Now that he has the Duck Inn, Hickey says he does not take it for granted. He even still has a hamburger sandwich – something that was on the first menu of his great grandmother’s restaurant – on the menu.
At Big Frank’s Sausage in East Chicago, Indiana you can get more than Polish sausage, there’s big-time, nightclub-like entertainment as well.
“We started doing some comedy shows in the restaurant,” says owner Stan Stefanski. “I knew one of the comedians and set up a show. On the ticket, along with the shows, there’s a full bar and Polish food buffet in the modest restaurant on 1417 Carrol Street in East Chicago.”
“We plan on doing another comedy event in the summer,” Stefanski said.
“The comedy was great,” said patron Pam Grkinich.
Right now, Stefanski is focused on the restaurant and its
beefy golabkis (or hamburger and cabbage rolls) along with fluffy pierogis and
potato pancakes garnished with sour cream and apple sauce. Big Frank is not
around. He’s the restaurant’s namesake and brother of Stan. He also provided
the secret sausage recipe.
“We’ve been open for about five years and so far, the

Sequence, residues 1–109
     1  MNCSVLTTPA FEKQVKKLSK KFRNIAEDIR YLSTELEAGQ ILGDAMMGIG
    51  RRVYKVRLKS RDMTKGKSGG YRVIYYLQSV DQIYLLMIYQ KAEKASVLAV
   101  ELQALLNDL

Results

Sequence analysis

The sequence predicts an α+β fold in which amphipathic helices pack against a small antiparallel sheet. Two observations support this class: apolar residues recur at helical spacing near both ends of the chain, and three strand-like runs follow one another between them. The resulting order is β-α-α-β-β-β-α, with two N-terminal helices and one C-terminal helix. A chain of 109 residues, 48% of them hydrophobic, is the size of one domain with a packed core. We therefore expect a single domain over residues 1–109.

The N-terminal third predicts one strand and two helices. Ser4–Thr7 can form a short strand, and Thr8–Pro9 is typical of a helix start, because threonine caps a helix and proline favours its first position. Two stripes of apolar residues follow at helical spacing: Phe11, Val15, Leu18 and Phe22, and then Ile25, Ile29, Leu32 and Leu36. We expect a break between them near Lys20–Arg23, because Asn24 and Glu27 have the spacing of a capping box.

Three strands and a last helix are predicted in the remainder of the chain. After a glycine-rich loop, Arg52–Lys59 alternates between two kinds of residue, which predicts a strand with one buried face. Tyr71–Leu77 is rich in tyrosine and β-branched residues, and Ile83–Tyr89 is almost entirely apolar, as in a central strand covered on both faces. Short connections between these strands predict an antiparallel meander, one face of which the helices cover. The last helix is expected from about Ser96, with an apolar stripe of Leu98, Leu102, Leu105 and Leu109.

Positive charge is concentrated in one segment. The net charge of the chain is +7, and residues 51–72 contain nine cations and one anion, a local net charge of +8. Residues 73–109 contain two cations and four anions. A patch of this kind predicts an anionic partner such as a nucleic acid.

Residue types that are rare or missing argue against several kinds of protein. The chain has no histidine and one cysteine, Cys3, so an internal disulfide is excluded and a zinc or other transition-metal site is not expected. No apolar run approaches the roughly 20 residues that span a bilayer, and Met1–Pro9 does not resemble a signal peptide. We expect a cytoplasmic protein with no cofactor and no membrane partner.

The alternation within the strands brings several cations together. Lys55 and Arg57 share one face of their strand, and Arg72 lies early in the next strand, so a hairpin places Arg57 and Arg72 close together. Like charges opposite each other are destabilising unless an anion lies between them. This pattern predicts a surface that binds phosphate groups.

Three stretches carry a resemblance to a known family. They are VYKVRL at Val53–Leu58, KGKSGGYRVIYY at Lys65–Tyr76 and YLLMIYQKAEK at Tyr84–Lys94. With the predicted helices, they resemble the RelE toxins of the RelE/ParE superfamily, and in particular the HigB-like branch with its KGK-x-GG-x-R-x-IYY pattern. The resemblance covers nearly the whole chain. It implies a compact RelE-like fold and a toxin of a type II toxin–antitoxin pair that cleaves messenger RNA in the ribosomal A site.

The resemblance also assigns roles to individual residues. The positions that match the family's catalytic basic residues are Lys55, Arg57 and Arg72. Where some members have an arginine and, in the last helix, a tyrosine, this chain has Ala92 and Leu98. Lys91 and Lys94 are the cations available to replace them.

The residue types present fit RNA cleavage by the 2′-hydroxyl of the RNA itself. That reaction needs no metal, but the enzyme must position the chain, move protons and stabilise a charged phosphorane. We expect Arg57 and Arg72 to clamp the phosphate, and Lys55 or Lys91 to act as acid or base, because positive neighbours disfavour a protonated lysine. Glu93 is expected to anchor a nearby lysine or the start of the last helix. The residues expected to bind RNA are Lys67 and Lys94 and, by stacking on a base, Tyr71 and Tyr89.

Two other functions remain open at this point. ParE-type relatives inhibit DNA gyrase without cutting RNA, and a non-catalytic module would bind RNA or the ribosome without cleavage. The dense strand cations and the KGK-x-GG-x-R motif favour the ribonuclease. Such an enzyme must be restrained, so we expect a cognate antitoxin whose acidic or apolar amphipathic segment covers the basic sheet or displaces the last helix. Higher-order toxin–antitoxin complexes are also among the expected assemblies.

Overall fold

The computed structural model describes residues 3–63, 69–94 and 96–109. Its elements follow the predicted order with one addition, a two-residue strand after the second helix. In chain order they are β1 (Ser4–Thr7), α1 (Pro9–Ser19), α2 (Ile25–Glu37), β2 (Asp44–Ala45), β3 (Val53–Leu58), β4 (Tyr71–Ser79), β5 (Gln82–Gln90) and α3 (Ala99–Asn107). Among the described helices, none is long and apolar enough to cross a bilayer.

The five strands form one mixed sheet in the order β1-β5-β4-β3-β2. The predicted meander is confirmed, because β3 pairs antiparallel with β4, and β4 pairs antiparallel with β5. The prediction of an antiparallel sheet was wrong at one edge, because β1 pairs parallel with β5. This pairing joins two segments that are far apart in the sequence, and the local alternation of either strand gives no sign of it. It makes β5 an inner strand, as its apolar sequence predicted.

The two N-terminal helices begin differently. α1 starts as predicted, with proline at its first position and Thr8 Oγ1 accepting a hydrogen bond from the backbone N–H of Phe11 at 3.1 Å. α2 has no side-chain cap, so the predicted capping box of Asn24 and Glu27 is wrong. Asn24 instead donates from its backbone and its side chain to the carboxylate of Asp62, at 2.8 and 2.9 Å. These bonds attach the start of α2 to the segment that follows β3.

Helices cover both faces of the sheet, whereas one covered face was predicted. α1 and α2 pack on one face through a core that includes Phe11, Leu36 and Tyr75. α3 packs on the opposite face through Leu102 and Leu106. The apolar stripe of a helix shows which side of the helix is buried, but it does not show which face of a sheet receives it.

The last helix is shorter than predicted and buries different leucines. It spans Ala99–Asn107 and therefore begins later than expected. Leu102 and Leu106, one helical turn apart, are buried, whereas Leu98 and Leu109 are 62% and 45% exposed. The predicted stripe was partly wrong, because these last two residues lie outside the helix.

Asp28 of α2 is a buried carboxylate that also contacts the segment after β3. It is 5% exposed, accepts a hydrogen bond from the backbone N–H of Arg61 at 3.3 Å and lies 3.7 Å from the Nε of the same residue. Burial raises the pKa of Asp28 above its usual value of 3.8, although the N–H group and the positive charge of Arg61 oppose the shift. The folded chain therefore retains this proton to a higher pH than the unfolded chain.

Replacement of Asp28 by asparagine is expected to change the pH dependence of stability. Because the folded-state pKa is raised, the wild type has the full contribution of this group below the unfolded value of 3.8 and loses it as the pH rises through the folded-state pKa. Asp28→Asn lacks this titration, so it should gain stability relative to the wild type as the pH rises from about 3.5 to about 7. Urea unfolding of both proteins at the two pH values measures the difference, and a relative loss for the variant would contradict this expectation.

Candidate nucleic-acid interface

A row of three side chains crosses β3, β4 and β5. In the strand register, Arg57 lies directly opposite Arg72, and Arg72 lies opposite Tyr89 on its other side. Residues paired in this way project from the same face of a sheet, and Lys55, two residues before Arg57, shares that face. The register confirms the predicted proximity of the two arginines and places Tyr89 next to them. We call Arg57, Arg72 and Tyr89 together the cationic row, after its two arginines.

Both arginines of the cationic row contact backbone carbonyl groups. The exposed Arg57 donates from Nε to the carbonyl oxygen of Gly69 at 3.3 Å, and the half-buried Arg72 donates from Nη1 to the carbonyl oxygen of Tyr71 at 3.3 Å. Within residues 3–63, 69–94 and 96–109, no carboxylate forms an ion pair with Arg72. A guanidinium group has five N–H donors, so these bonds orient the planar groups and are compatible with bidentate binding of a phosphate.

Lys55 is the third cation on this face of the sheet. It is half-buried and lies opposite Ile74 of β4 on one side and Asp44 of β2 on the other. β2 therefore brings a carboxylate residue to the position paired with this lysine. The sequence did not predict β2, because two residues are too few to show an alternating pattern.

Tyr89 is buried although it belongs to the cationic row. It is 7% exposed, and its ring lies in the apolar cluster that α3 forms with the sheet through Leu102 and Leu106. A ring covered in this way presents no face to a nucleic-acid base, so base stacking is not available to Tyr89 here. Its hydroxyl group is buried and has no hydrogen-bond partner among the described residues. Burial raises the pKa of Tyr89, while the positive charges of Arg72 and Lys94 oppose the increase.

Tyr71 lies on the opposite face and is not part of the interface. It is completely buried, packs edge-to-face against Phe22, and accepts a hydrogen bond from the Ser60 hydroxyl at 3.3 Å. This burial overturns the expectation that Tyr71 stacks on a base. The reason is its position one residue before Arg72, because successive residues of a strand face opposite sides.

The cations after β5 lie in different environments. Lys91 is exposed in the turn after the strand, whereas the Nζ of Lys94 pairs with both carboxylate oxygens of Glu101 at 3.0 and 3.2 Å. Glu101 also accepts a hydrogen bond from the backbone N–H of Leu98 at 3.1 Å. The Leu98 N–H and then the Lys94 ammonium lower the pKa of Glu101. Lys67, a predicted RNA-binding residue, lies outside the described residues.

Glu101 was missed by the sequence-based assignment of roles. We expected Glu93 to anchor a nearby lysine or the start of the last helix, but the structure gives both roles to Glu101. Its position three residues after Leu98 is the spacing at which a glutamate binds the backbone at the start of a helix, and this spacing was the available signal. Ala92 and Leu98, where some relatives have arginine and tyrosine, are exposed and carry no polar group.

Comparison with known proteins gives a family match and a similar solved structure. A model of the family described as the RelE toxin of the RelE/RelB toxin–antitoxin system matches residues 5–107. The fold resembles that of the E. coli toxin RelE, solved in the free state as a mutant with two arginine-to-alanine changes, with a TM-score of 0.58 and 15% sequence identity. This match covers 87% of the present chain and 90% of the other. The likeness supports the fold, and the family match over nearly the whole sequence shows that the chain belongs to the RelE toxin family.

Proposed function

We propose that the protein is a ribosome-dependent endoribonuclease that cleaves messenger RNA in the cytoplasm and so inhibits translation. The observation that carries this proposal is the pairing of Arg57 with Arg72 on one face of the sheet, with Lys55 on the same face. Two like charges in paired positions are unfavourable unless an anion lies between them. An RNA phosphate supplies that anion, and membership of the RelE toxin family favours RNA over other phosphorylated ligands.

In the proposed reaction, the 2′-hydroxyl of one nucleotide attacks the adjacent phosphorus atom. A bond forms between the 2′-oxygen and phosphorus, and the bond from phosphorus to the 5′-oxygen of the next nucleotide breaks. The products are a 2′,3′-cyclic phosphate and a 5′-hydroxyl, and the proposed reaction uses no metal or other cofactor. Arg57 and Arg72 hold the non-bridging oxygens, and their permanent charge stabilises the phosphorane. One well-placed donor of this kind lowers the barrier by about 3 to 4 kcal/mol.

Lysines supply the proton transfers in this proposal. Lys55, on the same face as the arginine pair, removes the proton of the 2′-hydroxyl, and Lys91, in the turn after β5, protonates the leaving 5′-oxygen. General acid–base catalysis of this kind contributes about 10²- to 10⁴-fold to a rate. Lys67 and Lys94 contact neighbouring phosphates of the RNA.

restaurant’s been successful,” Stan Stefanski said.
Indeed, customer Ismael Bonilla eats frequently at Big
Frank’s along with his friend. George Hook.
“I’m a vegetarian and Stan suggested I try the mushroom
pierogis,” Bonilla said. He also likes the cabbage and noodle dish.
Along with potato, sauerkraut, spinach, meat, mushroom and
cheese pierogis, there are belly buster subs, homemade Polish sausages, deli dogs,
pizza and much more. Food can be eaten in or taken out of the restaurant. There
also are Polish groceries, deli meats and homemade sausage to take-out. Patrons
wanting to join in Big Frank’s events should check the web page at http://www.bigfrankssausage.com.
“There’s something for everyone here,” agreed George Hood.